According to state labor officials, Watertown’s employers represented a combined job market of 19,000 positions as of last September. With data showing 18,600 residents are employed, in town or elsewhere, the near balance undercuts its reputation as a bedroom community.
“We’re a very popular destination for start-ups that had some success but have trouble adding space because of rents in Cambridge,” said Steve Magoon, the town’s economic development director. “We’ve been getting a lot of those companies who have found some success in Watertown.”
The town is also going through something of an upsurge in housing. In recent years, Planning Board officials approved a total of 650 new apartment and condominium units along a 1.2-mile stretch of Pleasant Street, which hugs the Charles River.
Even with the new development, residents actively prefer to keep their town’s New England legacy intact — and regularly succeed. Spirited crowds recently loudly opposed a Walmart coming to town, with the result that the chain abandoned its plans for the store. And neighborhood resistance to a complex adding 14 condominiums along Pleasant Street helped kill the proposal.
Census figures show Watertown is home to a wide variety of ethnicities, including residents of Irish, Italian, French, English, German, Greek, Russian, Polish, Portugese, Arab, and African heritage.
But the most prominent group are Armenians. The US Census Bureau says there are between 1,700 and 3,000 Armenians in Watertown, but local Armenians think the population is larger. Their community’s identification with Watertown is strong, bolstered by the presence of the Armenian Library and Museum of America and several Armenian churches.
Many Armenians emigrated to America in the 20th century looking to escape persecution in their native land, and many settled in the Watertown area because jobs were often available at Hood Rubber Co., on the east side of town. The factory, founded in 1896, served as a major local employer for nearly 75 years, hiring as many as 10,000 laborers at its peak.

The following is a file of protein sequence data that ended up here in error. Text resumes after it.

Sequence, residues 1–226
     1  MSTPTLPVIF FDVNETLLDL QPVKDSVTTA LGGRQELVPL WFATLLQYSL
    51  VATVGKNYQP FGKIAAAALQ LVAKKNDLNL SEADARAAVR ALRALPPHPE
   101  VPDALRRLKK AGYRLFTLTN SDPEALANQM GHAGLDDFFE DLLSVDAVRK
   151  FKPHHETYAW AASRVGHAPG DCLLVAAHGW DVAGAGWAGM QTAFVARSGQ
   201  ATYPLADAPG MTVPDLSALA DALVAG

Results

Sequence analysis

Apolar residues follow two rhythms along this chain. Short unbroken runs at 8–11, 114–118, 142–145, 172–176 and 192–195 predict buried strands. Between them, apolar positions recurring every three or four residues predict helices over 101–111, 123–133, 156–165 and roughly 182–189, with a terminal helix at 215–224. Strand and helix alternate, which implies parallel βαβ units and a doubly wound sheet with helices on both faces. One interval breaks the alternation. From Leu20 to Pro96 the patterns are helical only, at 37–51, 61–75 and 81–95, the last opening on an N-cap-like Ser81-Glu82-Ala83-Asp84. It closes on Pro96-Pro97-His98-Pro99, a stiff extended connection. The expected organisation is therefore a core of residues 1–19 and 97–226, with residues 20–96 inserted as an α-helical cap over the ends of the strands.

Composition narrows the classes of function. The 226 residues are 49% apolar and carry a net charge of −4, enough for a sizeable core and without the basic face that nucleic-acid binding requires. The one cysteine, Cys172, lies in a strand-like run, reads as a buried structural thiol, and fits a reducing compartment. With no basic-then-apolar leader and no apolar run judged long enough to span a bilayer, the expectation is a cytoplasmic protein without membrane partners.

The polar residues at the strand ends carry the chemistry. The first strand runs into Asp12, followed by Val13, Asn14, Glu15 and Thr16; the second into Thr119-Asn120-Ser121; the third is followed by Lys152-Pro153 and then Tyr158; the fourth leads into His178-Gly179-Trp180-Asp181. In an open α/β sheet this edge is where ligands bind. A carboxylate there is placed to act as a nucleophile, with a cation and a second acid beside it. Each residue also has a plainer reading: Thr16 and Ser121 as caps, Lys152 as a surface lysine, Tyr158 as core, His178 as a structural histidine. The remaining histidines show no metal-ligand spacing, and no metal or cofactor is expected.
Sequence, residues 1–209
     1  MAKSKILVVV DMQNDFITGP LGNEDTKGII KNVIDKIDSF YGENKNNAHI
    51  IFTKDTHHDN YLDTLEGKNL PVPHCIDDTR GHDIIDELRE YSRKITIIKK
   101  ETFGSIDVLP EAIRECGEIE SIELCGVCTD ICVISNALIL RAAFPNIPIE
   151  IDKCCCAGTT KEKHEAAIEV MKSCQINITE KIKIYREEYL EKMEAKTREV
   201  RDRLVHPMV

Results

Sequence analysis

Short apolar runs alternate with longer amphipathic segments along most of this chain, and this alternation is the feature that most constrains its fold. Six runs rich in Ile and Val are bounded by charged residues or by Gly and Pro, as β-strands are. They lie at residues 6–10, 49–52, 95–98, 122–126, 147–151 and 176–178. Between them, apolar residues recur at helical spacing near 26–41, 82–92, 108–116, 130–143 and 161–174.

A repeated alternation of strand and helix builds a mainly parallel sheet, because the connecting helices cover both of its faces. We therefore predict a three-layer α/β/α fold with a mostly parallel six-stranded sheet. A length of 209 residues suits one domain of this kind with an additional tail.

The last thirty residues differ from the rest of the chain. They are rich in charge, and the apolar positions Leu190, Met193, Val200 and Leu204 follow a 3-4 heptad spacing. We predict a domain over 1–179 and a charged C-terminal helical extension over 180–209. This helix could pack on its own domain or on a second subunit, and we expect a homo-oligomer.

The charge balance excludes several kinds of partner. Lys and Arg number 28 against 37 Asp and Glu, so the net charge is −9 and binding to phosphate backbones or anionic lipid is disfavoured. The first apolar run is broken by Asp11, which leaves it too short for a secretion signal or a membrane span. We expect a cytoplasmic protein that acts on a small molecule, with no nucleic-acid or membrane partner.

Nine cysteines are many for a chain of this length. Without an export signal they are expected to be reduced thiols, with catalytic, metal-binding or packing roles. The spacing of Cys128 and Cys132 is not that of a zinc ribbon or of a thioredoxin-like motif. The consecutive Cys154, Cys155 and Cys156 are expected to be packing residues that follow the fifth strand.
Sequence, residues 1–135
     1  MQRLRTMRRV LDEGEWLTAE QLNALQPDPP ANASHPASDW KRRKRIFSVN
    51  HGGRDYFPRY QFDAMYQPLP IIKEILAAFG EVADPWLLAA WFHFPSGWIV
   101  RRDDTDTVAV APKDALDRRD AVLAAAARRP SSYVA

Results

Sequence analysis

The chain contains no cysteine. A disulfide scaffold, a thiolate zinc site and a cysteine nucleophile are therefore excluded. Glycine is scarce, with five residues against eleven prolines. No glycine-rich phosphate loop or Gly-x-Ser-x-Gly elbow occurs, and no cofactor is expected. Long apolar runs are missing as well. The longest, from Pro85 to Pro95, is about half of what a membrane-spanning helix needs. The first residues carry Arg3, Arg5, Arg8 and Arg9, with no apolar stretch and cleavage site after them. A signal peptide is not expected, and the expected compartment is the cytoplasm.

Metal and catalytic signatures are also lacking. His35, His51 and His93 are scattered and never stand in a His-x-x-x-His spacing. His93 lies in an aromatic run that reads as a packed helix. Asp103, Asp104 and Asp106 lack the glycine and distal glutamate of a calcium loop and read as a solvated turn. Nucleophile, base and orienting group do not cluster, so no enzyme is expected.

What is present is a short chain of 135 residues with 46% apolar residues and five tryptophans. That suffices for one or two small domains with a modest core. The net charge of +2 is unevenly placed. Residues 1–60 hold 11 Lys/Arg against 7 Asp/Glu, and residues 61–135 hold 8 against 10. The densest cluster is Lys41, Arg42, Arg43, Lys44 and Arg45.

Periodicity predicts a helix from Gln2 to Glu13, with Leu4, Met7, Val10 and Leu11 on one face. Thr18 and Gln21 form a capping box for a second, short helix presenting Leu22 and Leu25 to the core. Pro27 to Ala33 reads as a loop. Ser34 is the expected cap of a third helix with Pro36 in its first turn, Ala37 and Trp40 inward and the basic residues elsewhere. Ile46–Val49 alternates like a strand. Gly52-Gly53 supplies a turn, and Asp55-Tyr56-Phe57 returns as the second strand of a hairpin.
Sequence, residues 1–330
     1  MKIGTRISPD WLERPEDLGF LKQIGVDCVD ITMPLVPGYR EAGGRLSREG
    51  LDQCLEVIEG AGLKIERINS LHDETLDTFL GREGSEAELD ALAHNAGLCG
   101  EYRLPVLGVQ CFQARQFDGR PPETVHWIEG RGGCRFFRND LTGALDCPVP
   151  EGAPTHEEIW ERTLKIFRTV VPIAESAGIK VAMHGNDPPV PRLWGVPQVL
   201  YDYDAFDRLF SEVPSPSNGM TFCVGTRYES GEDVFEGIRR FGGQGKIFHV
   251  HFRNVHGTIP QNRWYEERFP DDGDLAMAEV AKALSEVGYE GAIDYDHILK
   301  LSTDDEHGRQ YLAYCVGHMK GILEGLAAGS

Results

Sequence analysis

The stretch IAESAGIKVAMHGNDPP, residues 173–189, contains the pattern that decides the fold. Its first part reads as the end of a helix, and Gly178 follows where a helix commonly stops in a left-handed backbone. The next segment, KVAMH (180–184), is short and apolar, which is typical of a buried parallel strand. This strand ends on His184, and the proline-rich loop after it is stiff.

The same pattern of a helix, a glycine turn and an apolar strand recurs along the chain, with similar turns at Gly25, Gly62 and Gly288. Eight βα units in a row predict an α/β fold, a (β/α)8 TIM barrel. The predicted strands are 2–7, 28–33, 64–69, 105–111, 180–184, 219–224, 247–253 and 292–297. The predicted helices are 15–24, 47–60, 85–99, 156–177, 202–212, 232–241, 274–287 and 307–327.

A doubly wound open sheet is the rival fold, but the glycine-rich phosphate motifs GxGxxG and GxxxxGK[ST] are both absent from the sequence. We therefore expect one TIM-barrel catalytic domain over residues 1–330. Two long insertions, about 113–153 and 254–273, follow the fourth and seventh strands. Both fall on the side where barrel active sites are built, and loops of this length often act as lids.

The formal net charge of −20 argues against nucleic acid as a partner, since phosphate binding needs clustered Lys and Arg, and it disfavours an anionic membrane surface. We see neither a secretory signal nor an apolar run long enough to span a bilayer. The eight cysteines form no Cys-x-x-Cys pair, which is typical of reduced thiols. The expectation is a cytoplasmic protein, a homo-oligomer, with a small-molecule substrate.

Now, a cluster of Armenian restaurants and shops near Coolidge Square is known as “Little Armenia,” while headquarters for national Armenian newspapers and organizations are located throughout town.
“They want to be able to walk down the street and hear their native language spoken, and also be able to walk to church and other places around town,” said Gary Lind-Sinanian, curator of the Armenian Library and Museum on Main Street. “There’s only one community that fits that profile, and that’s Watertown. It’s small and safe and people can walk to places, and it just has that feeling.”
Susan Pattie, the museum’s executive director, said although she moved to Watertown only six months ago, she sees a deep passion among residents for their hometown.
“It’s very touching to see generations of people so attached to Watertown,” Pattie said. “It’s a place where Armenians have settled and become American, and carry on their heritage from the past, but are also living in the present and creating this Armenian-American culture.”
Jaclyn Reiss can be reached at email@example.com.